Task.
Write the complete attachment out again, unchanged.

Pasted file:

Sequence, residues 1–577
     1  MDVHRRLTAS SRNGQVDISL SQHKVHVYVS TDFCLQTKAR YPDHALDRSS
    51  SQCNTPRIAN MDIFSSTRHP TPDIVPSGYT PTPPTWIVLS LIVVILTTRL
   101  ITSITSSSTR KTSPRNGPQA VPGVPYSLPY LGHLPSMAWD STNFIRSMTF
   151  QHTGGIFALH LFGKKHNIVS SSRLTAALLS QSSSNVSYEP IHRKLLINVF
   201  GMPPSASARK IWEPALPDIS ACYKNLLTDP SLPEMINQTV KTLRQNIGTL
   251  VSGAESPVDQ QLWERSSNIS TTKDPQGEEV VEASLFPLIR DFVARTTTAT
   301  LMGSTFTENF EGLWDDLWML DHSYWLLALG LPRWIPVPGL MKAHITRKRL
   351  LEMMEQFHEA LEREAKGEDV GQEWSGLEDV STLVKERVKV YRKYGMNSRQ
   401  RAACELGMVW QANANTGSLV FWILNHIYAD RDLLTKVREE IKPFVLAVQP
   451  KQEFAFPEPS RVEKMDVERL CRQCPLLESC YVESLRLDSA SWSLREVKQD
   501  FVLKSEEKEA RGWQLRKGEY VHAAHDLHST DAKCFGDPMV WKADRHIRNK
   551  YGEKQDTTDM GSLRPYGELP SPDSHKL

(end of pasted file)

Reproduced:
Sequence, residues 1–577
     1  MDVHRRLTAS SRNGQVDISL SQHKVHVYVS TDFCLQTKAR YPDHALDRSS
    51  SQCNTPRIAN MDIFSSTRHP TPDIVPSGYT PTPPTWIVLS LIVVILTTRL
   101  ITSITSSSTR KTSPRNGPQA VPGVPYSLPY LGHLPSMAWD STNFIRSMTF
   151  QHTGGIFALH LFGKKHNIVS SSRLTAALLS QSSSNVSYEP IHRKLLINVF
   201  GMPPSASARK IWEPALPDIS ACYKNLLTDP SLPEMINQTV KTLRQNIGTL
   251  VSGAESPVDQ QLWERSSNIS TTKDPQGEEV VEASLFPLIR DFVARTTTAT
   301  LMGSTFTENF EGLWDDLWML DHSYWLLALG LPRWIPVPGL MKAHITRKRL
   351  LEMMEQFHEA LEREAKGEDV GQEWSGLEDV STLVKERVKV YRKYGMNSRQ
   401  RAACELGMVW QANANTGSLV FWILNHIYAD RDLLTKVREE IKPFVLAVQP
   451  KQEFAFPEPS RVEKMDVERL CRQCPLLESC YVESLRLDSA SWSLREVKQD
   501  FVLKSEEKEA RGWQLRKGEY VHAAHDLHST DAKCFGDPMV WKADRHIRNK
   551  YGEKQDTTDM GSLRPYGELP SPDSHKL